Freelance Writing, Getting Started

How To Create A Writing Portfolio That Is A Business Magnet

How To Create A Writing Portfolio That Is A Business Magnet.

A portfolio is a collection of seized opportunities, lessons learned, and projects accomplished. It may start out as a small list, but has the capacity to grow and improve. Creating a writing portfolio compiles all of your skills, projects, and triumphs into one neat space. A space that you can welcome others into. Writers use their portfolios to gain clients. In order for it to work for you as well, here on some tips to insure you have the best writing portfolio possible.

Be professional and personable.

Adding personality to your writing portfolio gives you the opportunity to stand out. When they first arrive, you are just a name. They have likely gone through dozens of names. You need them to remember you. A great way to do this is to welcome them with your beautiful smile.

Near the top of your writing portfolio you should include a description about yourself. This should include what service you provide, a snapshot of your expertise, and a display image. Typically, a display image is a picture of yourself. However, if you are not a fan of photos, an avatar can be appropriate.

Holly Johnson is the perfect example of this. Below is a screenshot from her website Club Thrifty. Her picture is professional and her strengths are highlighted immediately while maintaining a conversational tone.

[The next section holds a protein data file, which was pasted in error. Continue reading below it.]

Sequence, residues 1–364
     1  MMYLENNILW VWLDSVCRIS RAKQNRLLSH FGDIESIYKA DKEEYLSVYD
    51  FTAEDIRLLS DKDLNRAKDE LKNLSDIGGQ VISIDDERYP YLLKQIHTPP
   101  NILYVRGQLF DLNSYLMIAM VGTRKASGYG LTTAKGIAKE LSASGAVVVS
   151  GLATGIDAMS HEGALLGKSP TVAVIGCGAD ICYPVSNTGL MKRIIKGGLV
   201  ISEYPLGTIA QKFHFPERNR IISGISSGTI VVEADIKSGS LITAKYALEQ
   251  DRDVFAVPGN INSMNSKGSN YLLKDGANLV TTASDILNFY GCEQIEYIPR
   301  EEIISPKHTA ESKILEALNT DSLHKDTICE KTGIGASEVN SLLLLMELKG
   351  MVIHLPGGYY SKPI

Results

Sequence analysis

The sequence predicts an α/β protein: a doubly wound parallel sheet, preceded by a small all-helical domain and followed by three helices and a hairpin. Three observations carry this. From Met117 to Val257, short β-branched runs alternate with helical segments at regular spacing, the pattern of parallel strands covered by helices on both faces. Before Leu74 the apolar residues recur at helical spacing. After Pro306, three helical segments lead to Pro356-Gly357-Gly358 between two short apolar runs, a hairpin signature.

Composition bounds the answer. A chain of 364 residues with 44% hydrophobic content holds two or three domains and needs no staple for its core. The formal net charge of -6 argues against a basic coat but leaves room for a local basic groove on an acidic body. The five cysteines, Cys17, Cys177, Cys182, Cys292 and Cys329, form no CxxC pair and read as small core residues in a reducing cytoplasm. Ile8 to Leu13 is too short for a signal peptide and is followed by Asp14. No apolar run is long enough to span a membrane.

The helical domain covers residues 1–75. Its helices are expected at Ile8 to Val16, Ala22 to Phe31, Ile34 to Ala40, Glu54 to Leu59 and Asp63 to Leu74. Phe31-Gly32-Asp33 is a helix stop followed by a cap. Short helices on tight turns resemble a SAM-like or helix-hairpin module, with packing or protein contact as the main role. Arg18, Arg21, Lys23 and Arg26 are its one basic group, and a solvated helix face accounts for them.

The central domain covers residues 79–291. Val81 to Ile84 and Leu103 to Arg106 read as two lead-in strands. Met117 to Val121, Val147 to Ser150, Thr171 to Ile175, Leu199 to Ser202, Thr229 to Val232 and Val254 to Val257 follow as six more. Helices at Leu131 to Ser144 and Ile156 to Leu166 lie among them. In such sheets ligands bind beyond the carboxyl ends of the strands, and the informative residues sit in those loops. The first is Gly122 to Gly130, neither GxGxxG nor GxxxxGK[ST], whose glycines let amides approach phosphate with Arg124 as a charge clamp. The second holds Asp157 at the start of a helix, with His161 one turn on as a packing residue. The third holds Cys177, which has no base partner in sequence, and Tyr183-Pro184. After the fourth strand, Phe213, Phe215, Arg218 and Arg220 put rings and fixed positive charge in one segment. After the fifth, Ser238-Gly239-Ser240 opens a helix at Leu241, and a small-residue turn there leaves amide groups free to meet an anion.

Writing Portfolio Club Thrifty

Be mindful of what you include.

The purpose of a writing portfolio is to define your strengths. This can be in the type of pieces you write, such as: research articles, short stories, or blog posts. Alternatively, it can represent the topics you write about, such as: travel, finance, or food. Have at least one piece that demonstrates each of your strengths.

If you are unsure whether or not to include a specific piece, there is one question to ask yourself. Would I be confident if this is the only thing my target audience read? Your target audience is presumably potential clients. If you are not confident in the piece, leave it out. Your portfolio will grow with time. Do not worry if it is slim at this point. Don’t clutter is with subpar work.

Write a description for each portfolio piece.

Each piece you add to your writing portfolio should be accompanied with a description. The description can include what company you wrote for, the title, or a brief summary. Be sure to include a link to the actual article. A photo here is not expected. If you include a photo, ensure it is appropriate.

Lindsay Vansomeren’s writing portfolio is exquisite. Each article she includes a professional photo, the company she worked with, and a blurb about the article. In the top bar of Lindsay’s page, you can even filter by clients, topics, or skills.

Writing Portfolio Lindsey V

Stay up-to-date.

Update your writing portfolio to include your latest works. This isn’t so potential employers benefit. They likely won’t notice gaps in your portfolio. Unless, you are dating each piece. I have yet to see a professional writing portfolio that includes the dates. If employers want to know the time-frame, they can click though the link you provide. There, they can find the date it was published.